Newsome begins by describing the Nazi persecution of queer people during the Third Reich, seamlessly interweaving personal narratives of victims with his own analysis. While the Nazis amended Paragraph 175 in 1935 to encompass a wider array of punishable activities, existing homophobic sentiment within the broader German public facilitated the Nazi campaign against gay men, in particular. The relative sexual freedom of Weimar-era Berlin did not extend beyond the capital city. By the time the Nazis rose to power, many Germans, regardless of their political inclinations, reported on their queer neighbors, family members, and coworkers, such that even those who objected to the Nazis’ violent methods reserved little sympathy for “sexual deviants.” Of the estimated five thousand to fifty thousand “175ers” imprisoned in concentration camps, only around thirty-five percent survived.
In the postwar period, the situation for queer people in West Germany only marginally improved, and the relief of the liberation from the camps was short-lived. Many 175ers had to serve out the remainder of their sentence because homosexuality was still a crime. Viewing queer survivors as criminals, rather than victims, legitimized West Germany’s continued implementation of the Nazi version of Paragraph 175. Queer victims were silenced, as speaking up about their persecution also meant confessing to a criminal offense.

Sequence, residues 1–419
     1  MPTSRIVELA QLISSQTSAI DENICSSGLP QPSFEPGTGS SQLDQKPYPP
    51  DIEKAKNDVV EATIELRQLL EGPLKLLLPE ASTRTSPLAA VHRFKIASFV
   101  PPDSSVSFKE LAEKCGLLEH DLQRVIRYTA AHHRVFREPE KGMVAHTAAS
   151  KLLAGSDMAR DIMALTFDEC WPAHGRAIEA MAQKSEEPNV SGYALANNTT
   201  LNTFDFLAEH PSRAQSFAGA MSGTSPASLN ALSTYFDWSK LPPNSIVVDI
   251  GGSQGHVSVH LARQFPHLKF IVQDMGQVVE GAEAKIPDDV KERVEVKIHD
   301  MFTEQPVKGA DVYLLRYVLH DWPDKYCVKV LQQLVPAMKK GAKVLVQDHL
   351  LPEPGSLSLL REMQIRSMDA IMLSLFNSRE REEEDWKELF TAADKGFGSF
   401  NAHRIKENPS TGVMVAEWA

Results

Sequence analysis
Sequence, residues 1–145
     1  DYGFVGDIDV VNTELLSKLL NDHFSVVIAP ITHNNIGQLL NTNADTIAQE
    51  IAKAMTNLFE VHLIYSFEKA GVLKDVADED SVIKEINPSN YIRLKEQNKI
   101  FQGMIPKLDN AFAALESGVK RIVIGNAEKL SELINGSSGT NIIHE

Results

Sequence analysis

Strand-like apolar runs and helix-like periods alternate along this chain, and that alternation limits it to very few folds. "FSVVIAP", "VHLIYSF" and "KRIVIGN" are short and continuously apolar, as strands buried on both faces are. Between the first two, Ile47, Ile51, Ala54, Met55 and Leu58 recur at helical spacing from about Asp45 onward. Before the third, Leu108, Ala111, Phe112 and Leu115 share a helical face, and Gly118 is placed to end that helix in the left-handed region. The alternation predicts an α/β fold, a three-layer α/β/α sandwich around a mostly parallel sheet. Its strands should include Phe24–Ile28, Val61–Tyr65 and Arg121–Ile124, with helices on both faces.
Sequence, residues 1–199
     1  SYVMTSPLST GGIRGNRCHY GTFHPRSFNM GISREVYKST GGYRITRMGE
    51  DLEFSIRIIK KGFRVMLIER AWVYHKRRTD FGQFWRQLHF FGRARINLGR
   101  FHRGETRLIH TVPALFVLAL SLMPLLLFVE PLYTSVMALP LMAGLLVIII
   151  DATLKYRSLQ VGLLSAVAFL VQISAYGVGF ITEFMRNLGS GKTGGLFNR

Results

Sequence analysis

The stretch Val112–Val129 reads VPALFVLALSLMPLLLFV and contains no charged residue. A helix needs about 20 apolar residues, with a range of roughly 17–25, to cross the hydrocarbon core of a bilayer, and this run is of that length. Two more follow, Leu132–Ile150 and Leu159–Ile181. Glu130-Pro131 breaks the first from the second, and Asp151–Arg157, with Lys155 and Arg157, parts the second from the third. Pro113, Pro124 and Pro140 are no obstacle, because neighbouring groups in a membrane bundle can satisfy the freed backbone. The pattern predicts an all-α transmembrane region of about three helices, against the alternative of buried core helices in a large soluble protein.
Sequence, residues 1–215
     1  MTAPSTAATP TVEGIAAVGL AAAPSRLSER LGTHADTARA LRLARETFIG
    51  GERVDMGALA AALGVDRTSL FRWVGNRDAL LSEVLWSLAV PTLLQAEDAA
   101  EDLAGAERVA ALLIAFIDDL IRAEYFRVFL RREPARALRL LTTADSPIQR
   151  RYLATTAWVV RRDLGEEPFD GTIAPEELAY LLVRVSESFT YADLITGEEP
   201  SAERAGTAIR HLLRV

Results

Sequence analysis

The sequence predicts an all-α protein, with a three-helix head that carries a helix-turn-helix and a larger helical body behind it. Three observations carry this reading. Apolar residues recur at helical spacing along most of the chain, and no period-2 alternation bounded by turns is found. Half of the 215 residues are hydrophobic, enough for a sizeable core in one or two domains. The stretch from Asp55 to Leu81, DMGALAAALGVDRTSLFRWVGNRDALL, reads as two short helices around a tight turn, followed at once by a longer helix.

Nevertheless, activists made their voices heard, and in 1969, the West German State reformed Paragraph 175 to legalize consensual sex acts between men twenty-one years of age or older (notably, the age of consent for heterosexual relations was sixteen). In response, queer activists of the West German “1968 generation,” intent on raising the visibility of gay activists to combat stereotypes and misinformation, began to reclaim the pink triangle to gain support for gay emancipation. United States activists John Lauritsen, David Thorstad, and James Steakley learned about the history of the pink triangle from their West German comrades and brought the symbol back across the Atlantic with them, meaning that “the gay rights movements in the United States and West Germany were not simply international; they were truly transnational” (112). Newsome compellingly argues that by invoking Holocaust memory in a uniquely US American context, gay activists contributed to the development of a collective gay memory that galvanized gay rights activism for decades to come.
These same activists were dedicated to the documentation of queer Holocaust victims through various media. Die Männer mit dem rosa Winkel (The Men with the Pink Triangle, 1972), the ground-breaking first book-length autobiography of a gay concentration camp survivor, documented the experiences of Josef Kohout under the pseudonym Heinz Heger. In 1974, James Steakley published “Homosexuals in the Third Reich” and later that year, John Lauritsen and David Thorstad published The Early Homosexual Rights Movement (1864–1935), which documented the early gay rights movement in Germany. These publications demonstrate that the LGBTQ+ community had been writing its own history for decades by the time mainstream scholarly debates emerged over how to characterize the Nazi campaign against homosexuality.